[This one was cancelled and will be rescheduled when life gets back to what it used to be – stay tuned!]
What is it about taiko? is it the drums themselves? maybe the rhythms? or the power? the movement? the community created in a room of strangers trying to achieve something in unison? the freedom to shout when anywhere else we need to be polite? the endorphins that come with continuous physical activity? why not come and see for yourself?
17 performances which varied from playing for the Swansea Half Marathon runners, to appearing on Welsh TV teaching Rugby players to play taiko, to the relaunch of a Japanese Garden in front of the Japanese ambassador, to rugby stadium gigs and the Chinese New Years celebration. Workshops and demonstrations in local schools and kids clubs. Our Taiko life is always fun and exciting.
All those gigs enabled us to continue studying taiko and this year we had amazing teachers: Ingmar Kikat taught us that we can dance when we drum. Kenny Endo opened our eyes to the classical aspects of taiko.
Ting-Chi Li continued to guide us on the way of playing taiko in the slanted position
Martin and Shonagh taught us Yatai Bayashi, polyrhythms, shime chappa and kane, and Alison Roe pushed us to be musical and brave while soloing over the mitsu uchi backbeat on one or two drums.
And all that can only be possible thanks to the continued dedication of all of us to our weekly practice, and to our strong friendship and mutual consideration.
One of the nice things we learnt on our taiko journey is that reaching out to other taiko players will most probably lead to wonderful things happening. And so when we heard that Kenny Endo and Chizuko Endo are coming to Europe for a couple of months we immediately sent an email asking them to come over to Swansea and teach us.
Kenny Endo spent about 10 years in Tokyo playing with Oedo Sukeruko Taiko and studying classical music of the Edo period (Edo bayashi, Kabuki). So we asked him to teach us Naname and Shime basics.
We spent all day learning from the vast knowledge and experience of Kenny Endo and Chizuko. They were both so generous with their knowledge. We played drills and learnt a practice piece called ‘Oi Uchi’ on Naname. And on the shime we learnt a few Edo bayashi rhythms and could enjoy several demonstrations from Kenny and Chizuko.
The evening before – we had a demonstration and talk by Kenny and Chizuko. They played pieces written by Kenny Endo, and some from his time in Tokyo, written by Oedo Sukeruko. Kenny told us about Noh theatre and Kabuki theatre and demonstrated the use of the Kotsuzumi and voice. From his time in the Kabuki theatre in Tokyo he also demonstrated the quiet sounds that an odaiko can make that are used in Kabuki to bring to life the different natural phenomena – and unnatural phenomena too – Ghosts and spirits. It was a very inspiring evening for all of us.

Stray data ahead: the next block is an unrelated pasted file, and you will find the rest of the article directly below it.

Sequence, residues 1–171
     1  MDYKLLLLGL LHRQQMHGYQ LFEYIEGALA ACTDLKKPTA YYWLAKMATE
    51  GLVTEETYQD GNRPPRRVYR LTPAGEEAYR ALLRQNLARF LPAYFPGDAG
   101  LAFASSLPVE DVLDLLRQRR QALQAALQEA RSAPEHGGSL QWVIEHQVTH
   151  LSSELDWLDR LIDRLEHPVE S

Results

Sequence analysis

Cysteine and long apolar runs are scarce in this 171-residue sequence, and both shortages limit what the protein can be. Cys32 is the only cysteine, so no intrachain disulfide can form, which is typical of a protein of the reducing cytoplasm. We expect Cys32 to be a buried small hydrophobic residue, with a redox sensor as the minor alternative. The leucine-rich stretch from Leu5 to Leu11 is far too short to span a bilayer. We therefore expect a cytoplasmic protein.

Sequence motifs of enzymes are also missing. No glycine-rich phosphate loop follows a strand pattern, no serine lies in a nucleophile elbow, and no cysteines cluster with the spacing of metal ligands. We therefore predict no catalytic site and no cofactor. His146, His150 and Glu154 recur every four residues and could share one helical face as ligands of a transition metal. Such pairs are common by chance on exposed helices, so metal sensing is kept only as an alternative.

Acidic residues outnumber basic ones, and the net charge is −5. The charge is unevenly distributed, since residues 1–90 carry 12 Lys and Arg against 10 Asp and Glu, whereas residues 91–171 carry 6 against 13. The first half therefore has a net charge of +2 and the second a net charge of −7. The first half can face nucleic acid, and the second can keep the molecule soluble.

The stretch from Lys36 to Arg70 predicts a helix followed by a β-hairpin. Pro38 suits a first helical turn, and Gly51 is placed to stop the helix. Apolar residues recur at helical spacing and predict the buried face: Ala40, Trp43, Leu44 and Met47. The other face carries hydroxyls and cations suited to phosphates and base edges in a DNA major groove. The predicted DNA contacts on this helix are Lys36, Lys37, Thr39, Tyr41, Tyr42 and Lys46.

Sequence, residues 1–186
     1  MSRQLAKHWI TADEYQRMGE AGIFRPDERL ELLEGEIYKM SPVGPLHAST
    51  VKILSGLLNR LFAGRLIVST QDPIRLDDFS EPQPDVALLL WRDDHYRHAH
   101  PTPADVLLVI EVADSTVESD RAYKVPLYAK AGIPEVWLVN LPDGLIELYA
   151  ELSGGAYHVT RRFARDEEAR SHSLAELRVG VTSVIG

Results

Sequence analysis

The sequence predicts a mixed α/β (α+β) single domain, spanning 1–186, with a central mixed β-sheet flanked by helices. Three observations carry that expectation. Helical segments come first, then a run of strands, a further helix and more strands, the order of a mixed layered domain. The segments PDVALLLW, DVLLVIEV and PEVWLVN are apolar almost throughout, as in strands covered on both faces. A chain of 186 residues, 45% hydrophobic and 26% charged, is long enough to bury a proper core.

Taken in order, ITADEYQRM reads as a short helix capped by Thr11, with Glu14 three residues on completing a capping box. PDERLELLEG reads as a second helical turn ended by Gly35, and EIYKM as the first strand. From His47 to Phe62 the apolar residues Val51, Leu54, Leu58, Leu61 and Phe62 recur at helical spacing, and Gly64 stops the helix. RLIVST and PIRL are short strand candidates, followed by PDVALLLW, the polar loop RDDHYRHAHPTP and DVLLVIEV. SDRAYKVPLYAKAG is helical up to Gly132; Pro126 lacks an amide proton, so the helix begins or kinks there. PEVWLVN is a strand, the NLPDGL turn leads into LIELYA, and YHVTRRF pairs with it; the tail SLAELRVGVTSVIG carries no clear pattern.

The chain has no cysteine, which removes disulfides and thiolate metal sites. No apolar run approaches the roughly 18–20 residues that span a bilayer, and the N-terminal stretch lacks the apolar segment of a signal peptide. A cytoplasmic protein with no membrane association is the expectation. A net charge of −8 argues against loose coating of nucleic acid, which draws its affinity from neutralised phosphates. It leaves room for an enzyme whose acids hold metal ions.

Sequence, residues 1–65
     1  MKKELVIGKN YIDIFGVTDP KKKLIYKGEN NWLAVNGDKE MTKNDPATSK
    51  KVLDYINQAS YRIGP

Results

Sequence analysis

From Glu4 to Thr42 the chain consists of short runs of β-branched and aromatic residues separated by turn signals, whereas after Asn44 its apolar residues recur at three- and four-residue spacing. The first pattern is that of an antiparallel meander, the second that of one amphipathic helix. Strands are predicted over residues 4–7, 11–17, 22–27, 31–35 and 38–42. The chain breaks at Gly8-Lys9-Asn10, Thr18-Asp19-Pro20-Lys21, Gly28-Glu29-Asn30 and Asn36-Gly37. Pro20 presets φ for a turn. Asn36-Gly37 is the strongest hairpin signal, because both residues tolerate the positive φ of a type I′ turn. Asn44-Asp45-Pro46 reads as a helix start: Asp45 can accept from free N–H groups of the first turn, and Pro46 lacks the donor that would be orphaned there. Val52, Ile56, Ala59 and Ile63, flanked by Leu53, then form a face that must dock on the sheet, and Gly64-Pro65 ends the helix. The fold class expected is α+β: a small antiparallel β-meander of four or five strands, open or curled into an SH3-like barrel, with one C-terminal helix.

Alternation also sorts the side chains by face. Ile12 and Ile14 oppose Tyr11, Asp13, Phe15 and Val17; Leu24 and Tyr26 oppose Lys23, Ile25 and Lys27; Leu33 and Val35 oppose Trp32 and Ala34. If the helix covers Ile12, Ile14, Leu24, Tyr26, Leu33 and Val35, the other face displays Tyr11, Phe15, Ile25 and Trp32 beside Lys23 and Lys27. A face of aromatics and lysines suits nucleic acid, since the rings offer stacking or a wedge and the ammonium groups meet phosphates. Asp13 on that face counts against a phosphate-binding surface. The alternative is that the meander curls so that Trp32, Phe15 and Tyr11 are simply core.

Every year on the 27th June taiko groups and artists around the world celebrate the life of Daihachi Oguchi, the Japanese jazz player who recreated taiko as a modern performance art form in the 1950s.
This celebration takes the form of a public performance or a practice of the song ‘Hiryu San Dan Gaeshi‘ (‘The dragon god descends 3 times’) written by grand master Daihachi Oguchi.
By a stroke of luck this same day coincided with a massive street party celebrating another event – 50 years since Swansea became a city.
St Helen’s road was closed to traffic and taken over by various artists including children from the local primary school, dancers, bands, singers, Tai-chi practitioners and also Taiko drummers!
We were so pleased to be part of the celebrations: we have been playing together in Swansea for the last 5 years or so. We played in the city centre, on the beach and even in Taliesin! we run courses and in general we are quite ingrained in this city’s life and it was only natural for us to share our love of taiko with everyone by playing this song.
The version we played was arranged by grand master Seichii Tanaka of the San Francisco Taiko Dojo and was taught to us by his student Ting-Chi Li. It includes ‘Isami Goma’ (‘prancing horses’). We took a video of the performance and sent it to the hiryu project website, where it is now presented alongside many other versions played in by different groups at different years.
We always feel quite honoured when we are invited to play at Japanese cultural events. Japanese people who live in the UK and hear us play will sometimes come up to us to tell us how much they miss the sound of the drums.
The National Botanical Gardens of Wales and the Japanese Garden Society teamed up and with help from a professional gardener from Kyoto brought new life to the slightly neglected garden. It looked fantastic at the launch. We were invited to play at the opening of the ceremony and then gave a longer performance in the big glass house. We topped it off with pop up workshops for some of the school children that came to take part in the ceremony.